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Geodelia vol. 2


The second section of Geodelia deals with the psychedelic colours of Geology.
Geological features evolve on the screen, and shapes and colors seethe and morph hypnotically with hallucinogenic flowing colors. As geologic patterns materialize on the screen, the colors undulate, in a harmonic array of mind-blowing morphologies.

Hypnotic dreams of miss trilobite. Trilobites developed one of the first sophisticated visual systems. Their eyes had up to 15,000 lenses per eye, minimal distortion of image and good depth of field. Thanks to their sophisticated eyes, trilobites saw many strange creatures in the primeval oceans. Did trilobites dream of their weird encounters?

Geodelia invokes Geology as a mechanism for obtaining aesthetic inspiration. The animated compositions of Geodelia are an expression of geological objects but they may exist with a degree of independence from visual references in the world.
This concept is adamantinely exemplified by "Hypnotic Dreams of Miss Trilobite", which creates kaleidoscopic visions inspired by one of the first sophisticated visual systems.

Some of the "psychedelic dreams of the trilobite" were created with fractal geometries.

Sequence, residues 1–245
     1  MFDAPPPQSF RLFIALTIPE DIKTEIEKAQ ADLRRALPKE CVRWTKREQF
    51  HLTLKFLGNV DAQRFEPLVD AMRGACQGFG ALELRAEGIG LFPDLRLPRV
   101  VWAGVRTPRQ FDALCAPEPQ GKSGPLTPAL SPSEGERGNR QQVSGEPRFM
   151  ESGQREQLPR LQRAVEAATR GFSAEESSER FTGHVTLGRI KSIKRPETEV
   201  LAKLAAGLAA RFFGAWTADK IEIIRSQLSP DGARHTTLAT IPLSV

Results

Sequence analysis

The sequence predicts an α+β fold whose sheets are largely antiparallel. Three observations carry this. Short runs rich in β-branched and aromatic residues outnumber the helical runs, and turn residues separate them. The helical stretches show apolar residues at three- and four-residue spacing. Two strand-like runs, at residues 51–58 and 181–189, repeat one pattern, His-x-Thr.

Fractals can be coincisely identified as geometric shapes that can be split into parts, each of which is (at least approximately) a reduced-size copy of the whole. Fractals are too irregular to be easily described in traditional Euclidean geometric language. Many approximate fractals can be found in nature (clouds, snowflakes, trees, ferns, broccoli...), with special regard to geoogical landscapes (crystals, mountain ranges, river networks, coastlines...).

This video features dazzling geometic figures. Each figure is the result of hours and hours of digital sculpture, inspired by fractal geometry.

Arthropod love / meeting the ancestor. Trilobites are an extinct group of animals and they are evolutionarly linked to insects. What if a beetle met its ancestor?

Introducing minerals / They were not only pyroxenes / Petrographic psychedelia. These installations bring a new concept to Video Art: petrographic thin sectioning.
A thin sliver of rock is cut from the sample with a diamond saw or a laser, mounted on a glass slide and then smoothed using progressively finer abrasive grit until the sample is only 0.03 mm thick. Thinner than a human hair.
The thin section is ready to be examined under the light of polarizing microscope.
Thin sections are prepared by geologists in order to investigate the minerals constituting the rocks. As different minerals have different optical properties, most rock forming minerals can be identified by their "color". In fact the aestethics of petrographic thin sections is breath-taking: colorful psychedelic colours tell the inner story of Earth.
This is the first appearance of "petrographic thin sectioning" in Video Art - ever!
Give a look to te short and long versions of they were not only pyroxenes!

This is the first appearance of "petrographic thin sectioning" in Video Art - ever!

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